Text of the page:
Settlements can be done either through mediation, a settlement conference with their attorneys and the parties, or simply by negotiating back and forth informally. Just because mediation failed the first time does not mean that the case will not settle in the future.
Discovery in Kentucky Divorce
During this same period of time, the parties will engage in discovery to make sure that they have adequate information to either go into negotiations or to go to the final hearing in this matter. This can consist of sending Interrogatories and Requests for Production of Documents to the other party. This can also involve issuing subpoenas for bank records, doctor’s records, credit card records, etc.
Additionally, depending on the case, it may be necessary to take the deposition of the opposing party and/or other potential witnesses.
If custody is an issue and it is an extremely contentious case, the court might also appoint a custodial evaluator to help it assist in determining custody.
A custodial evaluator is a licensed psychologist who will spend significant amounts of time with the parties and their children. They will interview each and discuss their concerns regarding the other parent. After a couple months, the evaluator will issue a report indicating their professional belief for what should happen with this case.
After the parties have attended mediation, and the parties have had the opportunity to engage in discovery, either party may request a case management conference (also called a status conference depending on the county in which you reside).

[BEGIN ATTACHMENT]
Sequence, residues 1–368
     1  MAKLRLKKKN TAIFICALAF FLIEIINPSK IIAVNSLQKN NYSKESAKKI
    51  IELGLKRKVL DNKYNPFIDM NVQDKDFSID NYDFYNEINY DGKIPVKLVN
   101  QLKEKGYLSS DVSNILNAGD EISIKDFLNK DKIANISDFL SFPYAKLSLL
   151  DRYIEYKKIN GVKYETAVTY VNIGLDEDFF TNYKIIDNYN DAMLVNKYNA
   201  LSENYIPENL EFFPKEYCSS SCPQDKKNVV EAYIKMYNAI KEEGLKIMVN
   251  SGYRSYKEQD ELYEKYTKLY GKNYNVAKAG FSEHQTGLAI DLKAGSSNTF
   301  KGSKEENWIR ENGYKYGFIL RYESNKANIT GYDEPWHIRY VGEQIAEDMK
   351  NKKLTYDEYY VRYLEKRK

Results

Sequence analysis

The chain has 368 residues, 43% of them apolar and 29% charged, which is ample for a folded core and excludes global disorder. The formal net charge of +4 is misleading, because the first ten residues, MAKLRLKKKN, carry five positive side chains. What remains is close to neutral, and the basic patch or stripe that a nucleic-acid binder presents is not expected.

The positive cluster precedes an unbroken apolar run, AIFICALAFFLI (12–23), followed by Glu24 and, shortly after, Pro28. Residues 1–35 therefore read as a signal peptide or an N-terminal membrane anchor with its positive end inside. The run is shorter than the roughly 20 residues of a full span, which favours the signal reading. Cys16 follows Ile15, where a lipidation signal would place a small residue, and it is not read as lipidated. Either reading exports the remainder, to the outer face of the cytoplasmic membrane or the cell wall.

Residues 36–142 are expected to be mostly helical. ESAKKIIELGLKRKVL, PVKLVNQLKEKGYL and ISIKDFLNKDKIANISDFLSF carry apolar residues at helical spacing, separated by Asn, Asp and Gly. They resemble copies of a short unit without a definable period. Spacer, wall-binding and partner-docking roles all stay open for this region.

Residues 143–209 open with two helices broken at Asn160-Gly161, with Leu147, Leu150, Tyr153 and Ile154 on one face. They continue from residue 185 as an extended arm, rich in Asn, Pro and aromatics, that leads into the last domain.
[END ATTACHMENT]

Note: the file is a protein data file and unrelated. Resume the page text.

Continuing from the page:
This is a time for the divorce attorneys (and in most counties includes the parties) to appear before the judge to discuss where the case is, what the major issues in the case are, what needs to be done prior to trial, and if the parties are ready to schedule trial.
If a trial date is set, included in the order setting the trial will be certain deadlines to have things completed. Typically, it will cut off the discovery process at a certain date and trial preparation will begin, including identifying exhibits and witnesses to be called.
The trial, depending upon the number and complexity of the issues, will likely be scheduled for a day or two. If there are significant financial assets, trial could be much longer. Most courts do not have full days available for several months. It would not be unusual to get a trial date four to six months out.
Once the trial has occurred, and the court has closed the record from the introduction of any additional evidence, the court will take the matter under submission. At that point, you will be required to wait for a written opinion, a process that might take several weeks to several months.
The beginning to end time for a divorce differs in every case, but individuals rarely complain when the divorce occurs too quickly. Going into a divorce, you should know that it is not unheard of for a divorce to last longer than a year. Depending on the contentiousness of the case, it could last closer to two years or more.
Kentucky Divorce Lawyer
If you are a man facing divorce in Kentucky, please consult with a divorce lawyer in your jurisdiction to ensure your rights are protected. Cordell & Cordell has offices and family law attorneys located in Lexington and Louisville and licensed to practice throughout the state should you seek additional information or possible legal representation.